Edinburgh will be one of the first cities to benefit from ultrafast broadband expansion proposals announced by Openreach.
The broadband infrastructure provider said it is accelerating plans to build Fibre to the Premises (FTTP) to three million premises by 2020.
Edinburgh will be one of eight cities connected in the first phase of Openreach’s Fibre First programme along with Bristol, Birmingham, Cardiff, Leeds, Liverpool, London and Manchester.
FTTP connections can deliver ultrafast speeds up to one gigabit per second (1Gbps).
READ MORE: New ultrafast broadband network is launched in Edinburgh
Gavin Barrie, convener of the Housing and Economy Committee at City of Edinburgh Council, said: “I’m delighted that Edinburgh has been selected as one of the first UK cities to benefit from Openreach’s Fibre First programme.
“A world-class city deserves world-class digital infrastructure, and we believe full-fibre technology will be key to unlocking the long-term productivity of businesses in this region.”
Openreach expects that tens of thousands of Edinburgh homes and businesses will benefit from the multimillion-pound expansion, which is expected to cost around £300-£400 per address.
Further details of the rollout are expected to be announced later in the year.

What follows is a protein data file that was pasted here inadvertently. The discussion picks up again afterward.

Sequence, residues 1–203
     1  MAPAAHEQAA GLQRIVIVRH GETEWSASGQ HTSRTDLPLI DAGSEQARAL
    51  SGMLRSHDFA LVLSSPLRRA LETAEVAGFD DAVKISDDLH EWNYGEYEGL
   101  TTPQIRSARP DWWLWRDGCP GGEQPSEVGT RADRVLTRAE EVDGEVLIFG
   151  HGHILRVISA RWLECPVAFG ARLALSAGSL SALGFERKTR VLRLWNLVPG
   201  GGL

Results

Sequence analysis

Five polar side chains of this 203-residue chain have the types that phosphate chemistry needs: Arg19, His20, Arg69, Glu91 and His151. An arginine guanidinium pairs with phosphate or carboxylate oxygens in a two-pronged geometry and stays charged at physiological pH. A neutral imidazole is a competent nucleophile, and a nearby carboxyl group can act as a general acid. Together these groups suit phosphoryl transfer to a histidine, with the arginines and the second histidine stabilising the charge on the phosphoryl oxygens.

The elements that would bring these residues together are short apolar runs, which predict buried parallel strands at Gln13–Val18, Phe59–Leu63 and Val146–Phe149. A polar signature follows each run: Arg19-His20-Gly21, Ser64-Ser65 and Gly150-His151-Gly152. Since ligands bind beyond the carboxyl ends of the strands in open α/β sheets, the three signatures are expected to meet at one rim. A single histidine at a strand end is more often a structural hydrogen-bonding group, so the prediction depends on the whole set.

Andrew Hepburn, Openreach’s director of infrastructure delivery in Scotland, said: “This latest multimillion-pound investment in Edinburgh by Openreach will give a vital boost to the city’s households and businesses.
“For our vibrant business community, which is known for its innovation, it will mean more firms benefiting from the huge opportunities offered by this exciting technology to attract new customers, provide new services and work more efficiently.
“Local households too will find ultrafast broadband a major step forward when they go online for reasons ranging from training and research to shopping, staying in touch with friends and family and entertainment.”
Openreach said the pace and extent of the investment will depend how quickly the conditions to enable an “acceptable return on the investment” are secured, with support needed from communication providers, central and local government and the regulator